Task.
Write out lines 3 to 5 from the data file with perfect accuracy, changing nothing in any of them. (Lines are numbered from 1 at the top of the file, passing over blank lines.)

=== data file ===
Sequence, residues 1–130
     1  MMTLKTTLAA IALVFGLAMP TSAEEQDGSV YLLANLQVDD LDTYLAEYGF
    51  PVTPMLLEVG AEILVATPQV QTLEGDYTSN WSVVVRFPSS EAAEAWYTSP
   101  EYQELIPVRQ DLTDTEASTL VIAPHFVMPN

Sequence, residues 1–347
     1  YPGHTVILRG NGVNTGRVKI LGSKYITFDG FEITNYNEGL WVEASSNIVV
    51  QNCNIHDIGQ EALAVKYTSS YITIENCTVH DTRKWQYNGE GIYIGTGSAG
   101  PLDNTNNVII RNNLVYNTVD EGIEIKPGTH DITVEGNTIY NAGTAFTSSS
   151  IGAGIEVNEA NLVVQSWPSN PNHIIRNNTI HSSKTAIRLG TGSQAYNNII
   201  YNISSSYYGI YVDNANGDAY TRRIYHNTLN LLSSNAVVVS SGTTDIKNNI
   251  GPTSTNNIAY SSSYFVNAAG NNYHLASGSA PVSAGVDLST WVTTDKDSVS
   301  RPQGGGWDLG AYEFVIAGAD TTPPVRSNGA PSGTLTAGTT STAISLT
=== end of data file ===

    51  PVTPMLLEVG AEILVATPQV QTLEGDYTSN WSVVVRFPSS EAAEAWYTSP
   101  EYQELIPVRQ DLTDTEASTL VIAPHFVMPN

Sequence, residues 1–347